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Welcome to Wednesday, Americas. Here’s the latest news and analysis from Bloomberg Economics to help you start the day:

  • In a clear sign that the Federal Reserve is shifting to tighter monetary policy, Jerome Powell -- who’s spent months arguing that the pandemic surge in inflation was largely due to transitory forces -- told Congress on Tuesday that it’s “probably a good time to retire” the word “transitory”
    • Powell’s testimony reinforced Bloomberg Economics’ view the central bank will announce a faster taper pace at its December meeting
    • Powell and Treasury Secretary Janet Yellen will be back in Congress today, testifying in front of the House Financial Services Committee from 10:00 a.m. Eastern Time
  • The OECD said in its economic outlook that central bankers should hold their nerve as they watch the global economic recovery slowing
    • Omicron is adding to high uncertainty around the outlook and governments must ramp up vaccination efforts, OECD Chief Economist Laurence Boone says
    • The U.K. is headed for the fastest growth in the Group of Seven major economies this year, according to the OECD report
  • Global manufacturing activity stabilized last month, though difficulties in sourcing components persist, according to a final IHS Markit survey of purchasing managers Wednesday
  • The detection of the omicron variant in the U.K. has lowered the chances of the Bank of England lifting interest rates in December, according to Bloomberg Economics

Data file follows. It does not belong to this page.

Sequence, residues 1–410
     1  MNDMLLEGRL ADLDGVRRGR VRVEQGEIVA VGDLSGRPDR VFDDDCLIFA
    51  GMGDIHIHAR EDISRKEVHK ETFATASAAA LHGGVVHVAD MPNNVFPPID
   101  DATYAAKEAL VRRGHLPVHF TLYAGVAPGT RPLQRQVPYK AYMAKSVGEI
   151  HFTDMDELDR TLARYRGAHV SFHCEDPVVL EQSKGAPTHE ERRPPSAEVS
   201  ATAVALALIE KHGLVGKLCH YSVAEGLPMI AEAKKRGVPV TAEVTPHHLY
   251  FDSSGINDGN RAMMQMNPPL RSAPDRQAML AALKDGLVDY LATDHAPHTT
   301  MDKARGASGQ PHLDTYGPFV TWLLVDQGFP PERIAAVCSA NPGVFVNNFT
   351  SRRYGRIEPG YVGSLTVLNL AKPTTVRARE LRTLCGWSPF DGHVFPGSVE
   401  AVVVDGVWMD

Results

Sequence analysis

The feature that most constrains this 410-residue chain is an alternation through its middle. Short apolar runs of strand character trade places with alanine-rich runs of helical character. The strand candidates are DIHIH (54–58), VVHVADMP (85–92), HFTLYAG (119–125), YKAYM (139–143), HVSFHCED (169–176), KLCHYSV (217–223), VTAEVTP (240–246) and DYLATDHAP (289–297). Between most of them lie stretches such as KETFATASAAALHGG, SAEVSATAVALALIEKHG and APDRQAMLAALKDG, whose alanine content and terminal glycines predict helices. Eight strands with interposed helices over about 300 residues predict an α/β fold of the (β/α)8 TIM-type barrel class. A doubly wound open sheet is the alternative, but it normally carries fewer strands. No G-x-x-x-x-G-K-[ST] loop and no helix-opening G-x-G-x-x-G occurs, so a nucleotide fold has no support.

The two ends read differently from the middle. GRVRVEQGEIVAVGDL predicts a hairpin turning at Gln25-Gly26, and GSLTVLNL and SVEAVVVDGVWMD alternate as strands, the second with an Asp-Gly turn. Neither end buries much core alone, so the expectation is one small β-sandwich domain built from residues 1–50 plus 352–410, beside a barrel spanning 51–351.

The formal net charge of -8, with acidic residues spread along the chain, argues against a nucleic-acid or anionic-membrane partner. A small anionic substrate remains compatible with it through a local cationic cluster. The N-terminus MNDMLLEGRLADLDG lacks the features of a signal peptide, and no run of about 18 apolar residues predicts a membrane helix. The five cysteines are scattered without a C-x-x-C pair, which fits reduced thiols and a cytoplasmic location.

• Lending in China may be about to pick up as banks rush to raise short-term debt, Bloomberg economics says
    • China’s Vice Premier Liu He said he’s confident about the economy’s outlook next year, pledging enhanced support for small and foreign businesses
    • Cutbacks in investment by China’s property developers could leave 12.5 trillion yuan investment hole in a worst-case scenario, Bloomberg Economics says
  • One of the Bank of Japan’s more dovish board members indicated he would support extending the bank’s special funding program for covid-hit businesses, given the emergence of the omicron variant
  • The Taliban’s move to restrict women from working could immediately cost the Afghan economy up to $1 billion, or 5% of GDP, the United Nations Development Programme

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